Top Enterprise XR-Related Developments from CES 2024

Written BY

Emily Friedman

January 12, 2024

Didn’t make it to Vegas? We’ve sifted through the AI companion robots and smart kitchen appliances to bring you the top enterprise-related XR/spatial computing announcements and products from CES 2024:


The electronics giant announced a standalone mixed reality headset focused on “spatial content creation.” Developed with Siemens, the headset uses Qualcomm’s new Snapdragon XR2+ Gen 2 chipset (newer than the one in Quest 3) and boasts 4K resolution per eye, dual OLED microdisplays, a flip-down visor, and unique controllers in the form of a stylus/pointer and a ring.

Sony made no mention of gaming; instead it’s targeting content creators, engineers, and other professionals in potential competition with Apple Vision Pro. Users can edit and shape 3D models while wearing the headset, creating a new way to model and explore 3D designs as well as create immersive training environments. The headset is slated for release later this year and will use Siemens’ Xcelerator software tools for enterprise.


HTC launched a $200 Full Face Tracker accessory that attaches magnetically to the Vive XR Elite headset to capture eye and mouth movements. Developers can use the eye and mouth tracking capabilities for a number of purposes including animating avatar faces more realistically and social VR apps.

Face tracking also enables foveated rendering, automatic IPD adjustment, and a better understanding of user intent.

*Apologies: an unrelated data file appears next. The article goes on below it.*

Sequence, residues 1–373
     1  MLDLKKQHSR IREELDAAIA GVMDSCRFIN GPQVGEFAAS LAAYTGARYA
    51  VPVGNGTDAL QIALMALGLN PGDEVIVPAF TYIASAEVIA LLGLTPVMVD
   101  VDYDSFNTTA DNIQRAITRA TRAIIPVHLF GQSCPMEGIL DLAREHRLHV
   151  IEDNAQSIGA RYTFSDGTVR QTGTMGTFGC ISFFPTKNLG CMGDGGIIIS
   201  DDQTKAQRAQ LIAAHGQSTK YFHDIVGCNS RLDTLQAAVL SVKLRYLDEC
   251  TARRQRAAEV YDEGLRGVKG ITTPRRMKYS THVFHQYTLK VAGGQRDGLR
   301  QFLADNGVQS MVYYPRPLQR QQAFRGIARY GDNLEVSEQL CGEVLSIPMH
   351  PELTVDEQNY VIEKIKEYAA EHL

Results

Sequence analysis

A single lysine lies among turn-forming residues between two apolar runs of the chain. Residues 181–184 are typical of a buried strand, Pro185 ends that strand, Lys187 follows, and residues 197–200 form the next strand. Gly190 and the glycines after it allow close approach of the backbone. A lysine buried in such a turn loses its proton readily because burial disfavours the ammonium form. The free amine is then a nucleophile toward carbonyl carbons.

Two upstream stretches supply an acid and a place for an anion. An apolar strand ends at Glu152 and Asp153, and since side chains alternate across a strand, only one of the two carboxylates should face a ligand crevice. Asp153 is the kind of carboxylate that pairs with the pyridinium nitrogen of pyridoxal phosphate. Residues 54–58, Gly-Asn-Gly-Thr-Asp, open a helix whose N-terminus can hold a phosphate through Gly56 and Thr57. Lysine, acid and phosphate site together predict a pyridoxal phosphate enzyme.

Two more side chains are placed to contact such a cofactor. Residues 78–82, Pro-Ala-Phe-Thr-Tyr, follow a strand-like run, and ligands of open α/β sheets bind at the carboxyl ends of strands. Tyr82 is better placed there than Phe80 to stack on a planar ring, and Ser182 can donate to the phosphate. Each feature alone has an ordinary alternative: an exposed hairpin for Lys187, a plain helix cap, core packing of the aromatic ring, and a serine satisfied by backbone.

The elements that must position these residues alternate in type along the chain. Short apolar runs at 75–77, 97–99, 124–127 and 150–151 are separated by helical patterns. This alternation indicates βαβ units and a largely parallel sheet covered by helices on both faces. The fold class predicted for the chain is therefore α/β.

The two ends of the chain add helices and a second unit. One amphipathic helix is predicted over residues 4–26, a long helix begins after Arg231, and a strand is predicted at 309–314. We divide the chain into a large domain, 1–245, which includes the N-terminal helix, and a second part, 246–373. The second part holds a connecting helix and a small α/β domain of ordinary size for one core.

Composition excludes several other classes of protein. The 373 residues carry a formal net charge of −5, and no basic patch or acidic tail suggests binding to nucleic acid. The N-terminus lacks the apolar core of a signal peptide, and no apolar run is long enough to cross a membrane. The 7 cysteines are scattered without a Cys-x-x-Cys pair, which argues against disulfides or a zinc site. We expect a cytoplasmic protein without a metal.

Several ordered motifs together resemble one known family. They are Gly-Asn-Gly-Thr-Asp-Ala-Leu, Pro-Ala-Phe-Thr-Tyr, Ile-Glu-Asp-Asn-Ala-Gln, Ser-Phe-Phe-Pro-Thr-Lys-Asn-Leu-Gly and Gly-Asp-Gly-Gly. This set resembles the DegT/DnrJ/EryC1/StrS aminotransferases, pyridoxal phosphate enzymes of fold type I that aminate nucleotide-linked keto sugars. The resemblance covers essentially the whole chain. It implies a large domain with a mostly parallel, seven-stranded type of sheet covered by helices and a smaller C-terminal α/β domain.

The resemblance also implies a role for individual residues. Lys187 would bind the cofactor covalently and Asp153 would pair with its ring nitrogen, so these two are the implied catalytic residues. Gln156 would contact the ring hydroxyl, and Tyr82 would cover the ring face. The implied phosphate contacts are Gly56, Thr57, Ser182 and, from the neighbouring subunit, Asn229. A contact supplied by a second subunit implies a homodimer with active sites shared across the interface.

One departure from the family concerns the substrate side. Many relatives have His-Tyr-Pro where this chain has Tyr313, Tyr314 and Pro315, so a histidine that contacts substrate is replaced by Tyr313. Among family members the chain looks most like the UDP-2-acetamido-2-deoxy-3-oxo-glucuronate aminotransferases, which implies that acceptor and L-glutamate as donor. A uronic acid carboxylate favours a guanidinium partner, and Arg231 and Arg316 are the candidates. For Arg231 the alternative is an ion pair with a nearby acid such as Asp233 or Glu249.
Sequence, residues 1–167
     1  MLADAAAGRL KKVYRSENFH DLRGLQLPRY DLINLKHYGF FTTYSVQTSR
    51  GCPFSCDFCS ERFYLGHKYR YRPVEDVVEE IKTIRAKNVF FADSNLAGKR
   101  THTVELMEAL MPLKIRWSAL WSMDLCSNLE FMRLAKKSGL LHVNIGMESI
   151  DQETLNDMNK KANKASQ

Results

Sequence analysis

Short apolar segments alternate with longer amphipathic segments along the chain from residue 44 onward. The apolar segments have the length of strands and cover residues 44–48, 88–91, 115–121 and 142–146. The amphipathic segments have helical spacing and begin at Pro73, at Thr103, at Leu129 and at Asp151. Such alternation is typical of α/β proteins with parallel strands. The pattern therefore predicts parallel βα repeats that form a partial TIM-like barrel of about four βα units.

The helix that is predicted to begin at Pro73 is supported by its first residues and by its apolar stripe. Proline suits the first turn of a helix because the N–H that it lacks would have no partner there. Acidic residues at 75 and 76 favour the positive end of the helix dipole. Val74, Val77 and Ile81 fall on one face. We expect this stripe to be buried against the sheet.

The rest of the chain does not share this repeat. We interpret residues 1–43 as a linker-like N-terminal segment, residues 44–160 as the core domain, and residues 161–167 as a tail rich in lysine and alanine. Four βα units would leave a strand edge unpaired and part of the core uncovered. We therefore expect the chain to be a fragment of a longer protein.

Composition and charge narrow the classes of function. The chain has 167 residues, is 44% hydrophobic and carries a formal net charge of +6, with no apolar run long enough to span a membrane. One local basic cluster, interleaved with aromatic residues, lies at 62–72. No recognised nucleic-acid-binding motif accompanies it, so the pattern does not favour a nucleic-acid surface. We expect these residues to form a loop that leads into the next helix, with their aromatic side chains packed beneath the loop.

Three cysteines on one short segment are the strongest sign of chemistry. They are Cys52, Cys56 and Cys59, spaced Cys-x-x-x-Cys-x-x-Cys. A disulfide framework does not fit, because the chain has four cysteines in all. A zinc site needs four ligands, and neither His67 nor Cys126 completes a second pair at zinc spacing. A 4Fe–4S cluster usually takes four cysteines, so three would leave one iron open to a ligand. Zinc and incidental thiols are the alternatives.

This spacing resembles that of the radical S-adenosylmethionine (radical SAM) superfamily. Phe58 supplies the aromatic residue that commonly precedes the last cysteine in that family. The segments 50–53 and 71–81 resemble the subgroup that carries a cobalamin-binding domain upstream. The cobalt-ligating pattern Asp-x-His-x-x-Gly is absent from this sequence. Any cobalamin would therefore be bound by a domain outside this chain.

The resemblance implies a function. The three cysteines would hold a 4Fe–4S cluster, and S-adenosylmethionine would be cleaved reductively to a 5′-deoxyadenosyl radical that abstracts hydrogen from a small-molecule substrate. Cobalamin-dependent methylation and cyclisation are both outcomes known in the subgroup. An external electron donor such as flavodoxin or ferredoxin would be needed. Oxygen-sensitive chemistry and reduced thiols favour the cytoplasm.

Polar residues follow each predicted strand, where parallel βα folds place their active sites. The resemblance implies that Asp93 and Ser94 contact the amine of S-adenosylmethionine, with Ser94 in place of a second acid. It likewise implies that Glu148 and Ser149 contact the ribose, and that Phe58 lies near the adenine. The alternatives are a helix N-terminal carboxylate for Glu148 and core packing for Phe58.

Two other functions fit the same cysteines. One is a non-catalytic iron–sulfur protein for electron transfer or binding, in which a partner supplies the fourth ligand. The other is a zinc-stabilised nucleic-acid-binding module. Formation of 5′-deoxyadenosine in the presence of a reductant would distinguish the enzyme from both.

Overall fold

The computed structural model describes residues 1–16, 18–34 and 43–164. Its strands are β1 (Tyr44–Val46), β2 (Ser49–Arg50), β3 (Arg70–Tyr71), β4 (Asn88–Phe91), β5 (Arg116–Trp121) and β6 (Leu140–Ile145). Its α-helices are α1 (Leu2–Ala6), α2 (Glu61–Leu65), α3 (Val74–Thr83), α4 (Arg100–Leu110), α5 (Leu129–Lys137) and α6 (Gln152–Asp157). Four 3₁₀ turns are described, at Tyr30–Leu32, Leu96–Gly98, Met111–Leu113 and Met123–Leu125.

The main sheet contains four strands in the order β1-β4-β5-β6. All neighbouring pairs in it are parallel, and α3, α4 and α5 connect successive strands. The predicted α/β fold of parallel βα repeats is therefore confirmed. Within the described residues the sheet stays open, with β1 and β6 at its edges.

Xreal unveiled the $699 Xreal Air 2 Ultra AR glasses with a novel titanium frame and new “3D environment sensors” permitting true AR content and gesture control (hand tracking). The Samsung-tethered glasses use positional tracking and computer vision to place virtual objects into your real environment (as opposed to basic floating overlays) and are meant primarily for developers.  

Xreal also showcased partnerships with five companies to expand the use of its AR glasses: The company’s collaboration with BMW focuses on introducing AR glasses to the driving experience, while Forma Vision is using Xreal’s glasses for holographic meetings.

Xreal and Qualcomm announced a multiyear collaboration aimed at integrating AR, AI, and 5G.


Qualcomm revealed the on-device AI capabilities of the Snapdragon XR2+ Gen 2 chip for XR headsets, which offers 4.3K resolution per eye at 90 frames per second, support for 12 or more concurrent tracking cameras, and more. Enterprise use cases featuring “room-scale screens, life-size overlays, and virtual desktops” were mentioned. More than five OEMs are working on devices powered by the new chipset, including Google and Samsung.


Nvidia has entered into partnerships with BITONE, Configit, Katana Studio, ZeroLight, and others to expand the use of its Omniverse platform in the automotive industry. In particular, Nvidia is promoting the use of digital twins and the benefits of a unified asset pipeline for both marketing and back-end processes.

Basically, the digital twins you use to streamline workflows can also be used as interactive sales tools in lieu of traditional auto configurators. Learn more.


  • Vuzix unveiled the safety glasses-certified Vuzix Z100 smart glasses, “indistinguishable from a pair of standard glasses.” Thanks to AI, the glasses will provide situational guidance to streamline workflows and can augment the data feed from finger scanners, sensors, and other devices.
  • Zappar/Zapbox introduced mixed reality experiences including spatial video integration and the Open Brush app. Spatial video allows Apple users to record and view 3D videos through Zapbox’s low-cost headset, while Open Brush enables creation and manipulation of 3D models.
  • Aromajoin unveiled scent wearables for XR including the neck-worn Aroma Shooter Wearable that synchronously releases scents corresponding to what’s going on in the virtual environment.
  • Haptic technology startup Microtube Tech showcased the “first untethered pneumatic” XR haptic glove allowing users to “feel” raindrops, “differentiate whether an object is hard or soft,” and “manipulate digital orbs.” Simulations for pilots are reportedly available.

Further Reading